It can be triggered by different kinds of pollen throughout the seasons: tree pollens in spring, grass and weed pollens in summer, and ragweed pollen in the fall. Pets, molds, mildew and fungus, dust, and cigarette smoke are common household allergens that can cause symptoms similar to those of hay fever. Airborne allergies are not only irritating (and occasionally debilitating) but are also a long-term drain to the immune system, because the body is in a constant low-grade state of attack on the allergen (s). This makes the allergic person also more susceptible to infections in general.

If you're allergic to peanuts, that's one thing, but if you're allergic to ragweed it's pretty hard to escape, and if you're allergic to the family pet it can be heartbreaking. It's also long been thought that allergies were inherited, that we were cursed by fate and family legacy to suffer the misery of nonstop sneezing and swollen eyes. While in some cases genetic tissue weaknesses may contribute to the risk, or determine what area will be affected if you do become allergic, allergies are developed through health decisions made as we develop.

However rare, there have been a few scattered anecdotal reports of allergy to echinacea and chamomile (both in the same family as ragweed). If ingestion of an herb makes you uncomfortable, discontinue use and consult your natural health practitioner. ASTHMA Bronchial asthma is actually now properly called reactive airway disease, or RAD. It is usually (although not always) an allergic response, sometimes to the same allergens that cause hay fever, and is often exacerbated by stress, exercise, infection, fumes, and cold air.

The ABC Clinical Guide to Herbs

Mark Blumenthal (See book keywords and concepts)

Contraindications Consult a healthcare provider before using feverfew if you are allergic to this or other plants in the family Asteraceae such as ragweed, chrysanthemums, marigolds, chamomile, yarrow, and daisies. Feverfew is not recommended for children under 2 years of age. Pregnancy and Lactation: Feverfew should not be used during pregnancy or while breast-feeding. Adverse Effects No serious side effects have been noted in individuals taking feverfew for a period of years. Skin inflammation can result from handling fresh feverfew.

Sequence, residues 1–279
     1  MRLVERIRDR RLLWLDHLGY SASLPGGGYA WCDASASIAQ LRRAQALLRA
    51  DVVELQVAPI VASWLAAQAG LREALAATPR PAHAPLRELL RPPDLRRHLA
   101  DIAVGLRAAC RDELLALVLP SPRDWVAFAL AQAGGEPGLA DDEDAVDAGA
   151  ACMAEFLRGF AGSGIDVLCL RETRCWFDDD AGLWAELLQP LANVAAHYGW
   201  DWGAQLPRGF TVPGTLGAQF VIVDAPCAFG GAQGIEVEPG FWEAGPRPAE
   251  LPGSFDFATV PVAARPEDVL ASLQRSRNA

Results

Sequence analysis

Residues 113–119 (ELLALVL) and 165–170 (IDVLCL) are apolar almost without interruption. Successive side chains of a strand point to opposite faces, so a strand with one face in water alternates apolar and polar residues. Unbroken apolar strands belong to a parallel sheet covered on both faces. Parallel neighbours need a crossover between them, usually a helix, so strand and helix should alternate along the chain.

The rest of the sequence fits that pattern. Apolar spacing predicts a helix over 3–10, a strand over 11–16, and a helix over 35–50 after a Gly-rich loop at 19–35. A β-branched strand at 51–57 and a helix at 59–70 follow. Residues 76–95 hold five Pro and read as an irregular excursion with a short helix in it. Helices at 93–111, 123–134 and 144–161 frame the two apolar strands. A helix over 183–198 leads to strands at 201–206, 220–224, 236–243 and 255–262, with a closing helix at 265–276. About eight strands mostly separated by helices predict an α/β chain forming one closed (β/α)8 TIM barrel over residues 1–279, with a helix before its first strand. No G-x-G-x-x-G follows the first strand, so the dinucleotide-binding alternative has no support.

Consumer's Dictionary of Food Additives: A Consumer's Dictionary of Cosmetic Ingredients Vitamin E

Ruth Winter (See book keywords and concepts)

ALLERGY • An altered immune response to a specific substance, such as ragweed, pollen, on reexposure to it. ALLOMALEIC ACID • See Fumaric Acid. ALLSPICE • A natural flavoring from the dried berries of the allspice tree. Allspice is used in liquor, meat, and spice flavorings for beverages, ice cream, ices, candy, baked goods (1,400 ppm), chewing gum, condiments (1,000 ppm), and meats. Allspice oleoresin (a natural mixture of oil and resin) is used in sausage flavoring for baked goods, meat, and condiments.

The Encyclopedia of Popular Herbs

Robert S. McCaleb, Evelyn Leigh, and Krista Morien (See book keywords and concepts)

Contraindications: Some sources advise those who have experienced allergic reactions to ragweed or to other members of the Asteraceae family to avoid chamomile, but clinical support for this warning is lacking. In Germany, products are required to carry a warning advising against the use of chamomile near the eyes. • Drug interactions: None known.22 Dosage For the treatment of ulcers, German physician Rudolf Fritz Weiss, M.D., recommends large and frequent doses of concentrated chamomile extract or tea, taken over a longer period of time than for other purposes. Dr.

The Doctor's Vitamin and Mineral Encyclopedia

Sheldon Saul Hendler (See book keywords and concepts)

Those who are allergic to ragweed, asters or chrysanthemums may develop allergic rhinitis (inflammation of the nose, nasal congestion and sneezing) or contact dermatitis from the use of Roman chamomile. German chamomile flowers have also been used as a bitter, and a tea prepared from the flowers is occasionally helpful for indigestion. Large doses can cause nausea and vomiting. German chamomile tea does have a sedative effect for many.

The Green Pharmacy: New Discoveries in Herbal Remedies for Common Diseases and Conditions from the World's Foremost Authority on Healing Herbs

James A. Duke, Ph.D. (See book keywords and concepts)